The Resurgence of Indigenous Law in Canada

March 3, 2022 @ 7:00 pm – 8:30 pm
Online via Zoom
Dr. Shannonbrooke Murphy

Dr. John Borrows, Canada Research Chair in Indigenous Law, will deliver the 2022 Lodhi Memorial Lecture in Human Rights on Thursday, March 3 at 7PM Atlantic Standard Time. The lecture will be online and will take place on Zoom.

In his talk, “The Resurgence of Indigenous Law in Canada”, Dr. Borrows will reflect on the 40th anniversary of the Canadian Constitution and Charter of Rights and Freedoms.

“Indigenous peoples use law to regulate their affairs and resolve their disputes,” Dr. Borrows explains. “Indigenous law functions through standards, principles, criteria, measures, guideposts, tradition, precedent, and processes to provide intellectual and cultural resources for making decisions.”

Indigenous law is growing in force and importance and this talk will discuss how and why this is occurring. In the process, legislatures, courts, corporations, law schools and other institutions in Canada are increasingly having to grapple with Indigenous law and Canadian law related to Indigenous peoples. This talk will discuss how Indigenous peoples law is an increasingly active force across the land.

Register for the lecture HERE.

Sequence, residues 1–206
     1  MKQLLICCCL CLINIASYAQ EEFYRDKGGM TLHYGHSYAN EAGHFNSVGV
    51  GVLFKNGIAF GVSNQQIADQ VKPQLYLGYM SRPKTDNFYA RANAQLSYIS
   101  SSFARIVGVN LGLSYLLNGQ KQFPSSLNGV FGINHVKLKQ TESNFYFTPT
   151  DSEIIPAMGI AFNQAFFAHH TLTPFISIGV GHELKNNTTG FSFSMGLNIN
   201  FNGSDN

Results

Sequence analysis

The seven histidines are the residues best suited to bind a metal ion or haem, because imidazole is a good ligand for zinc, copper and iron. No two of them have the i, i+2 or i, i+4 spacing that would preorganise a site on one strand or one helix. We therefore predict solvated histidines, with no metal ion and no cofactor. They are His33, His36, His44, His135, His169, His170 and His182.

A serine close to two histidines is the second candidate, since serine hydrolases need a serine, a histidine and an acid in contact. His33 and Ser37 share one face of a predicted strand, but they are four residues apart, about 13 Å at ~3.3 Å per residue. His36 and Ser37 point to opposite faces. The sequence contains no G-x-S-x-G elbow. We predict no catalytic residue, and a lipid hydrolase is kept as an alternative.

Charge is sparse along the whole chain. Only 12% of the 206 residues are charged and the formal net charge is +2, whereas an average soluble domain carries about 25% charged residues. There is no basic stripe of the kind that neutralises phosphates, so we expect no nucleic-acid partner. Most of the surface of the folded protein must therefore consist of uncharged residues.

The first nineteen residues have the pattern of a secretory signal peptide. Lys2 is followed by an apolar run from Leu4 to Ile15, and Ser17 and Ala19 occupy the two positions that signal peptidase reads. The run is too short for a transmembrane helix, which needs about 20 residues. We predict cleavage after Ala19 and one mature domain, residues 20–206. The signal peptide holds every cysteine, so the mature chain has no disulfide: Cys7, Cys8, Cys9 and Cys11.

About the speaker
Dr.  John Borrows is the Canada Research Chair in Indigenous Law at the University of Victoria Law School in British Columbia. His publications include, Recovering CanadaThe Resurgence of Indigenous Law (Donald Smiley Award best book in Canadian Political Science, 2002), Canada’s Indigenous Constitution (Canadian Law and Society Best Book Award 2011), Drawing Out Law: A Spirit’s Guide (2010), Freedom and Indigenous Constitutionalism (Donald Smiley Award best book in Canadian Political Science, 2016), The Right Relationship (with Michael Coyle, ed.), Resurgence and Reconciliation (with Michael Asch, Jim Tully, eds.), Law’s Indigenous Ethics (2020 Best subsequent Book Award from Native American and Indigenous Studies Association, 2020 W. Wes Pue Best book award from the Canadian Law and Society Association).

He is the 2017 Killam Prize winner in Social Sciences and the 2019 Molson Prize Winner from the Canada Council for the Arts, the 2020 Governor General’s Innovation Award, and the 2021 Canadian Bar Association President’s Award winner. He was appointed as an Officer of the Order of Canada in 2020. John is a member of the Chippewa of the Nawash First Nation in Ontario, Canada.